Mono County’s Board of Supervisors started the New Year by, among other things, taking up an ordinance amending Chapter 15.04 of Mono County Code that pertains to building regulations and uniform codes.
Essentially, the ordinance adopts and carries over numerous variances that were already approved and in place as of 2007. It does NOT, however, say anything about the Board approving the state’s new CalGreen building regulations, though as of Jan. 1 the new green construction standards took effect across California.
Supervisors had any language removed from the ordinance that would indicate their acceptance of the two new CalGreen chapters. The rest of the ordinance, however, was apparently necessary to make sure that builders and developers have variances in place that were previously in effect and are better and more applicable to the area than their state code counterparts. That’s the position of County Counsel Stacey Simon as well as Tom Perry of the County Building Division.
The Board, however, asked County staff to comb through the green building requirements and come back with recommendations for finding possible climate, geographical or topographical exceptions to parts of the mandate that make sense for Mono County. The three categories are listed by the state as those allowed for opt-out or other exemptions that can be enacted by local and county municipalities.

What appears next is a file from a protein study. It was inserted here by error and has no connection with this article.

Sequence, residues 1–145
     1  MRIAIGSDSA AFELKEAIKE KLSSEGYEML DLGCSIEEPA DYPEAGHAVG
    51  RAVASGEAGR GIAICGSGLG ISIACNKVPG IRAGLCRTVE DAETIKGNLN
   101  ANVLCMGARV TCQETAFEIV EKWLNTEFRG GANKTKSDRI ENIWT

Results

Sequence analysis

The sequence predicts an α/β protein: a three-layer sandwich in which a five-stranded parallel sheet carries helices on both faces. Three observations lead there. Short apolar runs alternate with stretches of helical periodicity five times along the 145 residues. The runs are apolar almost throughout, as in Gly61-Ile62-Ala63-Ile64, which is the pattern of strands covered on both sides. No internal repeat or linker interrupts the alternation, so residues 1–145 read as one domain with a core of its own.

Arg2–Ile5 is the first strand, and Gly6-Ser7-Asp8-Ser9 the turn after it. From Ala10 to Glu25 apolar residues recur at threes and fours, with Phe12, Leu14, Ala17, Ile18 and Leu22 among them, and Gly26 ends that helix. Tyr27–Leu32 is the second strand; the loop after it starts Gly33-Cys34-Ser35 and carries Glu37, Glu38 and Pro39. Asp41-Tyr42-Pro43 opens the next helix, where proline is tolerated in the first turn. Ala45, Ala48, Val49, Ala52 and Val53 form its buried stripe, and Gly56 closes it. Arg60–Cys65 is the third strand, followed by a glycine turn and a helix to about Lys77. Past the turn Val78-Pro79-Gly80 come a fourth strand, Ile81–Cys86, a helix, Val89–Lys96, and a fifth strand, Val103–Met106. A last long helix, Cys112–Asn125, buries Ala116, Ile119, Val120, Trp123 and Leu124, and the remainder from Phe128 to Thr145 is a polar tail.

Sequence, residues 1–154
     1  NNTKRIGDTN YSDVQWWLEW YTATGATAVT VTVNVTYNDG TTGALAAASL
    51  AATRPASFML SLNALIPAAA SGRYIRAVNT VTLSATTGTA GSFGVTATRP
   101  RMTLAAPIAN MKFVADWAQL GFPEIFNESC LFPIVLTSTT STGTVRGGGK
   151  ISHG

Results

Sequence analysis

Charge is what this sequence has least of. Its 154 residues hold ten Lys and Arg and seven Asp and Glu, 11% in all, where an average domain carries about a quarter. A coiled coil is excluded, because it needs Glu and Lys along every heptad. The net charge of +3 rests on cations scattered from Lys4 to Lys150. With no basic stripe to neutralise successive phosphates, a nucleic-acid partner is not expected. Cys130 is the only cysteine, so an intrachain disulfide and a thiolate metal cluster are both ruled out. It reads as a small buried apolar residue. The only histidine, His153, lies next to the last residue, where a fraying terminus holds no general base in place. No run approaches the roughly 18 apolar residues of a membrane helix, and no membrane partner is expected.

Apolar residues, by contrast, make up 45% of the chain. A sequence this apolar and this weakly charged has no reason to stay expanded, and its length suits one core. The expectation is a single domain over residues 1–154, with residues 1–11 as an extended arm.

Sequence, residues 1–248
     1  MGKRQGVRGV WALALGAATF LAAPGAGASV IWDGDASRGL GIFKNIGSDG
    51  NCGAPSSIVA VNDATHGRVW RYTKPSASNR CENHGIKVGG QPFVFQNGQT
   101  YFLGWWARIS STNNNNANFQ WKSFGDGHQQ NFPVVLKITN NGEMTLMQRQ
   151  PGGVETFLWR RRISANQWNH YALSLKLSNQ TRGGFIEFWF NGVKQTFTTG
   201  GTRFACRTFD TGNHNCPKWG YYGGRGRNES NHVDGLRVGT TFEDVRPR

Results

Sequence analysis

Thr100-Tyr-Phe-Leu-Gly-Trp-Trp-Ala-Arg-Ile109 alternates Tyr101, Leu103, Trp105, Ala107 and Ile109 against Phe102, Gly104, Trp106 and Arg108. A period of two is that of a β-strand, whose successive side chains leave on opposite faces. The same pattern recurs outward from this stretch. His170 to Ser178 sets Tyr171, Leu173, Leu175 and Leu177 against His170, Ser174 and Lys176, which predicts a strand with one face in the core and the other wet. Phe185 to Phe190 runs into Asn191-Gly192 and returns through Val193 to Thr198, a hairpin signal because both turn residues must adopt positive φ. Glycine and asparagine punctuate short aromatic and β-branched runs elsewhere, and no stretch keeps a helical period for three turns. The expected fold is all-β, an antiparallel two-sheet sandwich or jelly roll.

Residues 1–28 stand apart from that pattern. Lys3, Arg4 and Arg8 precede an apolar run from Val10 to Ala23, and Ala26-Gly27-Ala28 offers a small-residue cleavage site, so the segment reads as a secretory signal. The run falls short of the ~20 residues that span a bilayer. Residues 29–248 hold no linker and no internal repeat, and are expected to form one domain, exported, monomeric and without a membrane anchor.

“[The CalGreen code] hasn’t been mitigated,” newly elected Board Chair Hap Hazard said. “It needs work, it’s not ready.” Hazard called the language in many parts of the new green codes “too vague,” as well as “unclear” and in some cases, especially those involving fire suppression, “inappropriate.” Hazard added his opinion that the fire suppression regulations were based on data compiled mostly from cities that has little relation to the realities of life in rural areas, such as Mono County.
Newly seated Board member Larry Johnston suggested taking a harder look at fire regulations and how those relate to lot density, adding he isn’t ready to adopt any of the green code yet.
Perry acknowledged that the green codes mean “a lot of extra work” for builders and other related professions, though he did say more modifiable templates are being uploaded to the state’s web site all the time. He also outlined a glut of last minute permits and plans submitted before the end of 2010, which Hazard commented tells him “the people don’t like [CalGreen].”